Annie Nelson has a simple answer to the question, "What did you do last summer?" She hiked. From May to September 2019, the St. Paul resident backpacked more than 1,500 miles on the North Country National Scenic Trail, from the Upper Peninsula of Michigan to northeastern Minnesota. Although this epic solo walk still fell short of her goal of 2,400 miles, Nelson calls it "an amazing experience" that changed her mentally and physically. The Minnesota stretch of the North Country National Scenic Trail includes all of the Superior Hiking Trail, which Nelson previously hiked from end to end to write her book Thru-Hike the Superior Hiking Trail. That trip only whetted her appetite for a bigger adventure on the North Country, a trail in progress that one day will stretch more than 4,200 miles from Vermont to North Dakota. We caught up with Nelson during the backpacking offseason.
Q |What inspired you to go on this hike?
I found on shorter trips, say weeklong trips in the Boundary Waters, I was never ready to go home. We'd be out of food, desperate for showers, everyone else looking for a cold beer and a hamburger—and I would be trying to figure out how I could stay. That clued me in to the fact that I might be interested in a long-term adventure in the woods.
Q |So what happened to you out on the trail?
A really powerful and magical transformation. There seems to be a two- or three-week demarcation point when I call it going fully feral. I strongly and deeply believe that long-term or long-distance hikes offer something that weekend and weeklong hikes cannot. Because when you are forced to adapt to being outdoors for that length of time, your body and your mind start to show up in super interesting ways. It's amazing to watch your body unlock these ancient abilities to hike 15, 20 miles a day, day after day after day. When I'm back in the city for a while, if it starts raining on a dog walk, I get annoyed immediately. If I've been out in the woods for a couple of weeks and it starts raining, I either barely notice or I am actively celebrating the fact that I'm going to get cooled down a little bit if it's in the summer. Also, my understanding of food has totally changed. Now I really understand how it's fuel. My relationship with pain is also much more understanding.
Q |What sort of pain did you experience?
The two worst ones were my feet and just fatigue. You can get fatigued to a point that feels painful. It's really kind of more of a psychological pain, but for me that was very real. Especially as I started to lose more and more weight. But yeah, I pushed my feet too hard, too early. I jumped up to doing like 18 miles a day my second week, and I think I caused myself an injury. Eventually it healed on its own, or my feet just got strong enough.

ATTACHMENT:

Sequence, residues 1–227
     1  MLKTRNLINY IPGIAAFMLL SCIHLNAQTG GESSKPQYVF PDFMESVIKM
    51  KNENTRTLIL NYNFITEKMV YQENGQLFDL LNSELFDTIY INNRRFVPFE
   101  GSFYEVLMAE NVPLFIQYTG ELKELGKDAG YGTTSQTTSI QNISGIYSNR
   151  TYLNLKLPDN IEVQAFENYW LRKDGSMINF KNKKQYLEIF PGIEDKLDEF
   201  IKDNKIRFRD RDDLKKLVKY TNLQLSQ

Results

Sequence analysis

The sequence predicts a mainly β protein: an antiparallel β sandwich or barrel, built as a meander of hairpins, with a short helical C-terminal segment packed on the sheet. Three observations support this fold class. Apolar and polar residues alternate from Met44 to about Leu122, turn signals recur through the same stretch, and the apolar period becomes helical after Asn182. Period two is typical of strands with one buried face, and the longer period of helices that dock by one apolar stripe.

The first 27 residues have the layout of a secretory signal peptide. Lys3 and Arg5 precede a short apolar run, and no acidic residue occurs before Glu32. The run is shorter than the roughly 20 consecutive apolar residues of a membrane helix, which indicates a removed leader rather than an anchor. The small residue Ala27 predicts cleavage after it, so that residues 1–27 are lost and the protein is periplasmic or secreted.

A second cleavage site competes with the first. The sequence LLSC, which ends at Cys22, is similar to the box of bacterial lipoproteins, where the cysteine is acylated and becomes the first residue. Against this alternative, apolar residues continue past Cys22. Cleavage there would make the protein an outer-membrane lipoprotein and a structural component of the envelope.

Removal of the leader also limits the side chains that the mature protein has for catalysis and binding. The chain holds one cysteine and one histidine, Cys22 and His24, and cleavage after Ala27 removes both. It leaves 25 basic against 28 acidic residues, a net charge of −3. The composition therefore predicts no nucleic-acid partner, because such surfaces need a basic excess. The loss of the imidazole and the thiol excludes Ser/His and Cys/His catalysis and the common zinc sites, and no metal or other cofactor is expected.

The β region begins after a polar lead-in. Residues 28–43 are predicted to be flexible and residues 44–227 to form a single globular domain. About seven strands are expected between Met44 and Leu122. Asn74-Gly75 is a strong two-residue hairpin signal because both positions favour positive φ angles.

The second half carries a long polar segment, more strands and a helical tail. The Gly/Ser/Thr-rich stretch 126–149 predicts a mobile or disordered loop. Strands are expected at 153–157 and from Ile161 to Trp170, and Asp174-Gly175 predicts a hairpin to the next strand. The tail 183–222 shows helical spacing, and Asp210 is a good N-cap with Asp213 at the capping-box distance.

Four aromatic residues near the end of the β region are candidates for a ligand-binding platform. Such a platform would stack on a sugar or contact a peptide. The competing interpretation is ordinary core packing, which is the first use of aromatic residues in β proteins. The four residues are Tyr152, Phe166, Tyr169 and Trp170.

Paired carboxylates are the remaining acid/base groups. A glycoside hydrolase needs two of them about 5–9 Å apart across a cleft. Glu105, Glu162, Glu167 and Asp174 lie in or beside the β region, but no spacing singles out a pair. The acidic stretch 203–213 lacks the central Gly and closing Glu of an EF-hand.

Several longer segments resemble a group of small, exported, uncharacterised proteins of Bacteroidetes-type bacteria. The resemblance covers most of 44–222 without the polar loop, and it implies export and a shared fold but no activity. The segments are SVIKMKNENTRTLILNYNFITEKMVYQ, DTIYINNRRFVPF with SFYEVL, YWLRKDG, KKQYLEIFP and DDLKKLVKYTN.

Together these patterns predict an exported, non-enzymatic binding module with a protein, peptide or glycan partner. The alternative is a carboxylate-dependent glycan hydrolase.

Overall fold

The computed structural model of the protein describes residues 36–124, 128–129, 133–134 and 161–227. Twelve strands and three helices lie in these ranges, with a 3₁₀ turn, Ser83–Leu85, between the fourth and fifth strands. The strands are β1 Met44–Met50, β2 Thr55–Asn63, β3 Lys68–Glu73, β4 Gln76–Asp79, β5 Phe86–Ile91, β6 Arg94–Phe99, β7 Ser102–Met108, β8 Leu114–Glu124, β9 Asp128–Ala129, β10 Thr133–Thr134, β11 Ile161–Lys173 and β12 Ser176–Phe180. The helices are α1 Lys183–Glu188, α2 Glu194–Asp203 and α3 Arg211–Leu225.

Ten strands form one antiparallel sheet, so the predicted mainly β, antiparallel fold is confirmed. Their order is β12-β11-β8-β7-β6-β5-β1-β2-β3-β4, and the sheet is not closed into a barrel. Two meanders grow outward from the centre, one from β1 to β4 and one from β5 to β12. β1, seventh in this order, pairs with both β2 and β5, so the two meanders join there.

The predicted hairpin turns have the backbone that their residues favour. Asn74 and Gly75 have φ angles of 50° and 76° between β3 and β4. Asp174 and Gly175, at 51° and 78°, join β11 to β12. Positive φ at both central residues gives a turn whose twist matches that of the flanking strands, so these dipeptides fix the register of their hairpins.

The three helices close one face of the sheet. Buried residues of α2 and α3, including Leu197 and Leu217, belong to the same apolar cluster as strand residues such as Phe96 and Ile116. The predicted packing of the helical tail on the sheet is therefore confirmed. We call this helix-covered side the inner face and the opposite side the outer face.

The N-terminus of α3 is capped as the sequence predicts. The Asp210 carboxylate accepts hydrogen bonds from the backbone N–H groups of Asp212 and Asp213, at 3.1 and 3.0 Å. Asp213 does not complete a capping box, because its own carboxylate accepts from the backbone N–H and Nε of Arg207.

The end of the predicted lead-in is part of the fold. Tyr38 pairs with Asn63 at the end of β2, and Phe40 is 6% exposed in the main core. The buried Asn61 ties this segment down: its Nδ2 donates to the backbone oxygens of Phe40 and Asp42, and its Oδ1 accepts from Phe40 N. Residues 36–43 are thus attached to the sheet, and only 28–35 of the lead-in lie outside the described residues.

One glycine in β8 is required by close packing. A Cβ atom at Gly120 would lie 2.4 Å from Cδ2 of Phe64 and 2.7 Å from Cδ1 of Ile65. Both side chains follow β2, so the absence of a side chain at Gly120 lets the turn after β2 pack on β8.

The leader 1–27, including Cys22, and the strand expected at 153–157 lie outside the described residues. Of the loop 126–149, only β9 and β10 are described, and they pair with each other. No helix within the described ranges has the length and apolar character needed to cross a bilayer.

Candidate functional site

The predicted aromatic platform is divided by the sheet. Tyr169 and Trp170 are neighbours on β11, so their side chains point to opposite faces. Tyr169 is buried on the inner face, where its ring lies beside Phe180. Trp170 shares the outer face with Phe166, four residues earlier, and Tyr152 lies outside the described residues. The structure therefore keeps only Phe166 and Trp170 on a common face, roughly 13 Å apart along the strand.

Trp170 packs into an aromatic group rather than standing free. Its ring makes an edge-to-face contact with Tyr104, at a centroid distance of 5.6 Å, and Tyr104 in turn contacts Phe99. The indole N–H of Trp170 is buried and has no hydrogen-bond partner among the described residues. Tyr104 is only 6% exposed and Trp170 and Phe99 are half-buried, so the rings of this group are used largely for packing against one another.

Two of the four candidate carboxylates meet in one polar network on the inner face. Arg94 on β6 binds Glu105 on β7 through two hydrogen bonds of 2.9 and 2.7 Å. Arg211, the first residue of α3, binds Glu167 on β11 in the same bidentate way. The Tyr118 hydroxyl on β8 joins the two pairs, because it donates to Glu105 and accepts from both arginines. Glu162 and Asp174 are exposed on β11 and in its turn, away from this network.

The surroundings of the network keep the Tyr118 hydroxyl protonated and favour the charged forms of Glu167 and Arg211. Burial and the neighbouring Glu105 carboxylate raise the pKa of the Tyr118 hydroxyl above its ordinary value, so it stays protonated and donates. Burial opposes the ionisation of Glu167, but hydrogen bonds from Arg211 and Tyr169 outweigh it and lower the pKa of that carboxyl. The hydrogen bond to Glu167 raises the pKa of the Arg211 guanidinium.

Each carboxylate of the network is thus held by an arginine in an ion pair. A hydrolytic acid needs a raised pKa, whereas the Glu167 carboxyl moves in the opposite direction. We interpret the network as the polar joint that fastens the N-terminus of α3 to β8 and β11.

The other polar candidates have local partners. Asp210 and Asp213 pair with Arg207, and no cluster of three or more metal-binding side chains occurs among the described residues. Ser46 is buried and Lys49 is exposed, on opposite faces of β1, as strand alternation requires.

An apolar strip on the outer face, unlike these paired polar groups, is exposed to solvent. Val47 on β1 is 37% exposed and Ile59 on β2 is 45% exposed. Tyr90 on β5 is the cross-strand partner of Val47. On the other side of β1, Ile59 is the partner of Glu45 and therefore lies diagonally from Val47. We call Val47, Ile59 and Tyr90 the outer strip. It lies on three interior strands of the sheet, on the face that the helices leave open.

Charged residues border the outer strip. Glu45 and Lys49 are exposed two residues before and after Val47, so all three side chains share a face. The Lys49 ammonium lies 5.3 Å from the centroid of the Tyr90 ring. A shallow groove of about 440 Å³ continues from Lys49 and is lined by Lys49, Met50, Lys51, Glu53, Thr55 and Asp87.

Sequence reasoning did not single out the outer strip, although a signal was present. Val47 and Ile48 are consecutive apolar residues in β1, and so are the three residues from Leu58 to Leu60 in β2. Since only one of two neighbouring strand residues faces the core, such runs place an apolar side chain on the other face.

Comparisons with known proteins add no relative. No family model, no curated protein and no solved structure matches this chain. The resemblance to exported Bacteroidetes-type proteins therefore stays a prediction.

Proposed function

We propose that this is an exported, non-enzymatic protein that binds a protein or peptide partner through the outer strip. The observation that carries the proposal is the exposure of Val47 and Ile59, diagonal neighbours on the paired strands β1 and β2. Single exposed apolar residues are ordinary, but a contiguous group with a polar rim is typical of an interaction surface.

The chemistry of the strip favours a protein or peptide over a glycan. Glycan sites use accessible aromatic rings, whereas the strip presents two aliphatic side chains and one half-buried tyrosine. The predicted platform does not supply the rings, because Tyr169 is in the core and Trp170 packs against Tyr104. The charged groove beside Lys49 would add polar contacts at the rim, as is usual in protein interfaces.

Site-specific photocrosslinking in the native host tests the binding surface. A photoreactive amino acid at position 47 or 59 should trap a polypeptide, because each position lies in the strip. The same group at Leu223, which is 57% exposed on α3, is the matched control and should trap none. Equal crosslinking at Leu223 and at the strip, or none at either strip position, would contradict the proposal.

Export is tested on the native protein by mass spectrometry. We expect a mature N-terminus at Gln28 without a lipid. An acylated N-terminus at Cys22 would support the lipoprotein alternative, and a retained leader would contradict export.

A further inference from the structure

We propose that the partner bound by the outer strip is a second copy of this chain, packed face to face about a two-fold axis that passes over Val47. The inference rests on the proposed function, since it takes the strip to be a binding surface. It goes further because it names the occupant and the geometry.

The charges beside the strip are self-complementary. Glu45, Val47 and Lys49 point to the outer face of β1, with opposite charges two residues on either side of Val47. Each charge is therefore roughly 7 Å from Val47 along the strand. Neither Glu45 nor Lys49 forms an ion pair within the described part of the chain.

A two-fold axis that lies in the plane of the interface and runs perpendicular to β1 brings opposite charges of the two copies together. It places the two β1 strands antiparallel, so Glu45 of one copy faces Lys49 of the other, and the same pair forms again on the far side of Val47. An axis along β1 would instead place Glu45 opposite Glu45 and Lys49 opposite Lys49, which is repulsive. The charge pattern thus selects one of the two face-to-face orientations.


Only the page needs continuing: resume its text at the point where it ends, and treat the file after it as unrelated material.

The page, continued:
Q |Some people are intimidated by the idea of solo wilderness travel. What draws you to it, and how do you stay safe?
There are additional safety risks you take when you go alone. There are ways to mitigate those risks. And for me the benefits of going solo outweigh the dangers. I love backpacking with other people, but on this hike I was really looking for a profound connection with nature. If I'm hiking through the oldest, biggest grove of maples I've ever seen in my life, and it feels like a natural cathedral, and the sunlight is green, I just want to able to stop and stand in complete silence for as long as I want and absorb that magical moment. Those are the moments that make me profoundly grateful to be alive on this planet and feel profoundly connected to the earth.
Q | Was your trip at all influenced by Cheryl Strayed and her book WILD, about hiking the Pacific Crest Trail?
I have not read the book. I did watch the movie. I was watching it at my mom's house and she said, "You're going to do that, aren't you?" I guess she saw something in my face. So was it [Strayed] alone? No. But I've been exposed to Wild and what it did for her. More so for me, it was this generation of YouTubers, like 'Dixie,' Jessica Mills [homemadewanderlust.com]. It's very inspiring to see someone who is your age and looks like you and accomplishes these amazing things. It makes you think, well, maybe I can do this. I'm not as athletic a hiker as Dixie. I didn't make it to [my goal], but I still had an amazing experience. And I think that there are a lot of people like me who, even if you can't do 30 miles a day, if you can do 15 miles a day, you can walk for six months and transport yourself by your feet only from Michigan back to Minnesota. It is so empowering.
Read more about Nelson's outdoor adventures at wildstory.site.